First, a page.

The Court's economic burden argument is also questionable as a matter of fact. That the incidence of the tax as applied to federal contractors does not include labor and profit components does not necessarily mean that the total costs to the contractors and hence to the United States are less than the total costs to a nonfederal contractor. Only the federal contractor is required, under Washington's system, to put out additional tax money "up front," as the project progresses, to maintain special records, to hire personnel for such recordkeeping, and to prepare and file returns. This is not inexpensive activity, and its costs could exceed what would have been the tax increment on the labor and profit components. The record does not disclose the facts. 4 In [460 U.S. 536, 555] any event, those facts are inconsequential, for it is discrimination, not the quality of the burden, that carries unconstitutional consequences. It is "absolute federal immunity from state taxation" that this Court "has never questioned." United States v. New Mexico, 455 U.S., at 733 .
The Court's reliance upon United States v. County of Fresno, 429 U.S. 452 (1977), deserves passing mention. There a possessory use tax was imposed solely on private citizens who used tax-exempt land. The individual appellants in that case were United States Forest Service employees who lived in federally owned houses. The Court concluded, however, that there was no discrimination, for the tax did not discriminate against the Forest Service or other federal employees. Indeed, the United States expressly abandoned any claim that the tax treated federal employees differently from state employees who lived in state-owned houses. Id., at 464, n. 13.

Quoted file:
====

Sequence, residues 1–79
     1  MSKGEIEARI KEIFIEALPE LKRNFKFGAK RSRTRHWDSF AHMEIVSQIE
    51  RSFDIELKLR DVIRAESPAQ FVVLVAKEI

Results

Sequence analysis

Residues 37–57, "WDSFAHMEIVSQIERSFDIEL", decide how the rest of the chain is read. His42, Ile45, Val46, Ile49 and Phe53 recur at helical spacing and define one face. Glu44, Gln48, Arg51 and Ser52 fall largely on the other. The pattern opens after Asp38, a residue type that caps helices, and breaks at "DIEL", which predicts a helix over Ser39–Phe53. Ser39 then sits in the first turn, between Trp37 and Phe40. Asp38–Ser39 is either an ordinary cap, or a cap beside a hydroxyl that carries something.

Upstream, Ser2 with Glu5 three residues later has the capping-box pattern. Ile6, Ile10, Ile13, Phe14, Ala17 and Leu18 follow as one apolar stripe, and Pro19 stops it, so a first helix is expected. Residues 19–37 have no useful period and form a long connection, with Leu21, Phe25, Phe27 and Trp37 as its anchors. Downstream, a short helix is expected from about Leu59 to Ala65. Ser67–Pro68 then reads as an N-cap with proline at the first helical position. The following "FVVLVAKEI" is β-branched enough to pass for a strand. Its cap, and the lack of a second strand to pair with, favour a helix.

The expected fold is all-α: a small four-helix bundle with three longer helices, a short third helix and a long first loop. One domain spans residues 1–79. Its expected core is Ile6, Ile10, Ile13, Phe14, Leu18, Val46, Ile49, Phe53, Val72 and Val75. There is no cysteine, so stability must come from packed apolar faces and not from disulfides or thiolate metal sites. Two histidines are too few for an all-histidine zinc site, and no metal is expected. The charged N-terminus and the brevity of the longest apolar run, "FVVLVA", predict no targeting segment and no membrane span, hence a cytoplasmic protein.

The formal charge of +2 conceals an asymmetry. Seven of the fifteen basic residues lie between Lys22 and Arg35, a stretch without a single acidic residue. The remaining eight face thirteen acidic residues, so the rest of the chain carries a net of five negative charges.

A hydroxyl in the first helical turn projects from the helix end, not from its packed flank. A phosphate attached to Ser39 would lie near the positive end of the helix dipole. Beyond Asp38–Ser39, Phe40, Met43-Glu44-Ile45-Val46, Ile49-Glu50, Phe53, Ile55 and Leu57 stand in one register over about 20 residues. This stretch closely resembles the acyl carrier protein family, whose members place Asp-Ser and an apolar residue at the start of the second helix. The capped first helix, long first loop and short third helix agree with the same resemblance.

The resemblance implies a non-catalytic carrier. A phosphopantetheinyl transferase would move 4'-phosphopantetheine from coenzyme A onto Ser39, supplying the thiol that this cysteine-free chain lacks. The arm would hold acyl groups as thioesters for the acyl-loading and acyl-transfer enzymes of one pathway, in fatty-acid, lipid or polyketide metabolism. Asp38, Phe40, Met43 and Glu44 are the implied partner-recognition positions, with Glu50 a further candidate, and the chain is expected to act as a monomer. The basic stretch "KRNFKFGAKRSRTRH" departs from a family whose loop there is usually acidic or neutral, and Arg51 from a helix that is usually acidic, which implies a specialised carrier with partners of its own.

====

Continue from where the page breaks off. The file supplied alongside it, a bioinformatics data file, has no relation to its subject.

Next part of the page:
Finally, it is of interest to note the Court's obvious discomfort in evaluating the relative burdens of different methods of taxation by States of the Federal Government and of those with whom it does business. In Minneapolis Star & Tribune Co. v. Minnesota Comm'r of Revenue, also decided today, post, at 589-590, n. 12, the Court struggles with the problem of the economic incidence of a tax on the Federal Government. There it says that a State remains free to impose the economic incidence of a tax on the United States so long as that tax is not discriminatory, and it explains the [460 U.S. 536, 556] result in this Washington case as a mere accommodation. This, the Court says, may "force us, within limits, . . . to compare the burdens of two different taxes." For me, that is a new approach to state taxation of the Federal Government, and it flies in the face of the Court's simultaneously expressed view that "courts as institutions are poorly equipped to evaluate with precision the relative burdens of various methods of taxation." Post, at 589; see post, at 600 (REHNQUIST, J., dissenting). I had thought this measure of state taxation of the Federal Government absolutely improper as a constitutional matter. United States v. New Mexico, 455 U.S., at 733 . Now the Court, in order to prevent abuse, will have to dissect and carefully measure every state system that imposes its tax burden upon the United States.